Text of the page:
Shocking Facts of MST Crisis Get Congressional and Media Attention.
The Military Sexual Assault (MST) crisis is finally getting the national attention it deserves. Regardless of this increased attention, however, many Veteran survivors of MST-both men and women-still face a a rough and very unfair struggle with the Department of Veterans Affairs (VA) to obtain disability compensation.
Bergmann & Moore follows this issue closely because many of our clients are disabled and unemployable due a diagnosis of post-traumatic stress disorder (PTSD).
The ACLU and the Service Women’s Action Network, with support from the Yale Law School Veterans Legal Clinic, released a report last week documenting widespread discrimination experienced by many of the thousands of Veterans who file VA claims every year based on disabilities they sustain due to military sexual violence.
Battle for Benefits: VA Discrimination Against Survivors of Military Sexual Violence analyzes new VA data obtained by SWAN, the ACLU, the Women’s Rights Project, and the ACLU of Connecticut as a result of Freedom of Information Act litigation filed three years ago.
The report reveals that Veterans whose PTSD is caused by military sexual trauma are much more likely to be denied disability compensation than other Veterans diagnosed with PTSD not related to MST.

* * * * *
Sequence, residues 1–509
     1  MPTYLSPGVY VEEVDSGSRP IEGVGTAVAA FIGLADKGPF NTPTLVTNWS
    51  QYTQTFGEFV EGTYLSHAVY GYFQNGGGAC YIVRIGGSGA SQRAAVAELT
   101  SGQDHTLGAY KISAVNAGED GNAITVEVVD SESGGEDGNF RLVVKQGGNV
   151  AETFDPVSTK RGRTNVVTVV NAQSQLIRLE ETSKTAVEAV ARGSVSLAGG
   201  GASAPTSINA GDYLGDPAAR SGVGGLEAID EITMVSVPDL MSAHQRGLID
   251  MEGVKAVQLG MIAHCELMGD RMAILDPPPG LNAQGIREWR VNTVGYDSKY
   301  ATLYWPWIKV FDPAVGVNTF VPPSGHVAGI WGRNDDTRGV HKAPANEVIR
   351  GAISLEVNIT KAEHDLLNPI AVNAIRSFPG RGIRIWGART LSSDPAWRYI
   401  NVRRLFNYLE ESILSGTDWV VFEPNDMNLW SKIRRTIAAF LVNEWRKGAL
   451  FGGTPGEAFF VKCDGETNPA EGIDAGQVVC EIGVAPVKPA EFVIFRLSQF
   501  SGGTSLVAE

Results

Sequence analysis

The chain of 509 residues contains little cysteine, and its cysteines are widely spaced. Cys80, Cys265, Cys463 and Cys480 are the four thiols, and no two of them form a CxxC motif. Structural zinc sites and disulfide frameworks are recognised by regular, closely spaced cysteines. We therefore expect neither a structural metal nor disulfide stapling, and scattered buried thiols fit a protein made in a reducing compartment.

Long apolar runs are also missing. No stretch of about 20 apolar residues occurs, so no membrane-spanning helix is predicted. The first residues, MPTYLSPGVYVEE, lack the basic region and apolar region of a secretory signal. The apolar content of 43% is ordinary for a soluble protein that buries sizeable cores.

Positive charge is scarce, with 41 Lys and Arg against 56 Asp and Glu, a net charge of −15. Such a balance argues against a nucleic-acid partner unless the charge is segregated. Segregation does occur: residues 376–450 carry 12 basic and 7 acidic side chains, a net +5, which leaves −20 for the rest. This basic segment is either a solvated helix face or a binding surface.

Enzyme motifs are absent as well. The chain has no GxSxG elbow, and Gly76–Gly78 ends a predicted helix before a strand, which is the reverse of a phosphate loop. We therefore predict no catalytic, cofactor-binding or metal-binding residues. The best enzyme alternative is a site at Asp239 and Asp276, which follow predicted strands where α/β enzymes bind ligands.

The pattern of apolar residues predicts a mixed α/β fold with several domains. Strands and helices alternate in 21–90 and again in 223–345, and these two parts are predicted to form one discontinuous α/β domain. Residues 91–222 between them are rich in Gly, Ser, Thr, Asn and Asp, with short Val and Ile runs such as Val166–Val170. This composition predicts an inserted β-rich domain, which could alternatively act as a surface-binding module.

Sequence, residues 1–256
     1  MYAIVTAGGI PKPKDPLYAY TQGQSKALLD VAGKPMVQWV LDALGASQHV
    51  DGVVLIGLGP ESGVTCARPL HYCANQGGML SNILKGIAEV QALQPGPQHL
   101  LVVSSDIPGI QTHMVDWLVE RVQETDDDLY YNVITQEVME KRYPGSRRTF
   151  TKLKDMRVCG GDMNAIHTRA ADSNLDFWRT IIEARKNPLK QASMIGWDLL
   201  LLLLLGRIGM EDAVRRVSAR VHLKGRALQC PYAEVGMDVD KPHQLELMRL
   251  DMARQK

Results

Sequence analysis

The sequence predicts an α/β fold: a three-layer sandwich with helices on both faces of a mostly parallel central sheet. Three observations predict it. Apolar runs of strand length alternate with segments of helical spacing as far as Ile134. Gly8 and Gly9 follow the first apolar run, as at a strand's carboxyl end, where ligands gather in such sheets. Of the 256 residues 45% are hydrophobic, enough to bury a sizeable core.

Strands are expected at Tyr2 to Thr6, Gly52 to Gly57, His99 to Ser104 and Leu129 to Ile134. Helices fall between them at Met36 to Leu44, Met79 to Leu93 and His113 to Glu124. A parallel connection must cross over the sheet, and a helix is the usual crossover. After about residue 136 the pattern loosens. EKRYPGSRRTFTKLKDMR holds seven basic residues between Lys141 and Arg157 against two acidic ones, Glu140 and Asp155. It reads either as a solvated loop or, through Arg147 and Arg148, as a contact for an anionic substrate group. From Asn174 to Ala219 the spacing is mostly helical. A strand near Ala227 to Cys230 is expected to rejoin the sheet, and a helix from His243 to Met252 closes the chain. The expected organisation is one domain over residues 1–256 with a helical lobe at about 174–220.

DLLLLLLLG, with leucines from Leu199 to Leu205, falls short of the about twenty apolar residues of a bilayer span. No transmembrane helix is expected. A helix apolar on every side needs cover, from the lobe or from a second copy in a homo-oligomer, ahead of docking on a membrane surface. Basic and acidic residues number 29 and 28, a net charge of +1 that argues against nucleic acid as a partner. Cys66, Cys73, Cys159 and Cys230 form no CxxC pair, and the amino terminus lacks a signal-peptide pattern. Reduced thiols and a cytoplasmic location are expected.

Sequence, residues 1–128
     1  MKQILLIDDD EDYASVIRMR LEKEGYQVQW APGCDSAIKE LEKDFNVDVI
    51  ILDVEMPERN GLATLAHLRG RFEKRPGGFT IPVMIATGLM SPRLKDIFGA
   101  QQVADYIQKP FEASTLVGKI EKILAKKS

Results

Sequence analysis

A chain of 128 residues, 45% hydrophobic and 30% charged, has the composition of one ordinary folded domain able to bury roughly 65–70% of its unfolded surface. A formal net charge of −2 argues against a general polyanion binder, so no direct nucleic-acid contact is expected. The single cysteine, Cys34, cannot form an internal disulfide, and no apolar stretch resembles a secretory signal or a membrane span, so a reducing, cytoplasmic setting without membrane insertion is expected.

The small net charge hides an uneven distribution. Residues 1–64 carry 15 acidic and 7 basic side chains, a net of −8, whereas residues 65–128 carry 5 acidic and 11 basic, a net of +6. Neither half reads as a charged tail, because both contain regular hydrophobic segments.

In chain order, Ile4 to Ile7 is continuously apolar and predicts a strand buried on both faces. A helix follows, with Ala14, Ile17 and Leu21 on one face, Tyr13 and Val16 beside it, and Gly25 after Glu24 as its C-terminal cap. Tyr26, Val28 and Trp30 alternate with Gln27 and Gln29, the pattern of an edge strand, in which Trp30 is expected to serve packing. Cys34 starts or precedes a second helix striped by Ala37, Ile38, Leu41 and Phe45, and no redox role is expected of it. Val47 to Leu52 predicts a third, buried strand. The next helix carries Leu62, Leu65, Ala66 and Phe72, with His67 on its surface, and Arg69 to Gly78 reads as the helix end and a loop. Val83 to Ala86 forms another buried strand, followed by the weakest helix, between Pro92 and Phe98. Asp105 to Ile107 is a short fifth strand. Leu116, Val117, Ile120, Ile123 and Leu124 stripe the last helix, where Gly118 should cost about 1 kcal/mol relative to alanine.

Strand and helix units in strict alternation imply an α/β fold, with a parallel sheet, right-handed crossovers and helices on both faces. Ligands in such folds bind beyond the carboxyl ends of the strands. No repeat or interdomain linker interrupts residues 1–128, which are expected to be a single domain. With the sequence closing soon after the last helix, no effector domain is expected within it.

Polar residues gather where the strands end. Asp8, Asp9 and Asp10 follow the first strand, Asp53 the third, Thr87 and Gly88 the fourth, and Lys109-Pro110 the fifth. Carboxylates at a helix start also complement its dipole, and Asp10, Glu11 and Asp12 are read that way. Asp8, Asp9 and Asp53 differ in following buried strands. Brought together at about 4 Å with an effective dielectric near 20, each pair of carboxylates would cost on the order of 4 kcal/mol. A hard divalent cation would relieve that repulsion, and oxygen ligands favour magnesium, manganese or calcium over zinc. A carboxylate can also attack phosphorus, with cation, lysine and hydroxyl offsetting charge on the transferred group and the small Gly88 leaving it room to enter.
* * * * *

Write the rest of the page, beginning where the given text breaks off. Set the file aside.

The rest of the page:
Men and MST
In related news, The New York Times reports this week on the lesser known phenomenon of men raped while in the military. According to the Department of Defense’s Military Sexual Assault Report for 2012, an estimated 26,000 members of the United States military, both men and women, were sexually assaulted in that year.
Michael F. Matthews, a Veteran, MST survivor, and creator of “Justice Denied,” a documentary on male military sexual assault, writes bravely about his experience with MST. He notes that of those sexual assaults, 53 percent (approximately 14,000 in 2012) were attacks on men.
Mathews adds that the vast majority of male perpetrators identify themselves as heterosexual. “We need to consider whether this tragic epidemic has other causes, nothing to do with combat missions,” he writes. A study of airmen published earlier this year found that rape victims were six times more likely to think about suicide.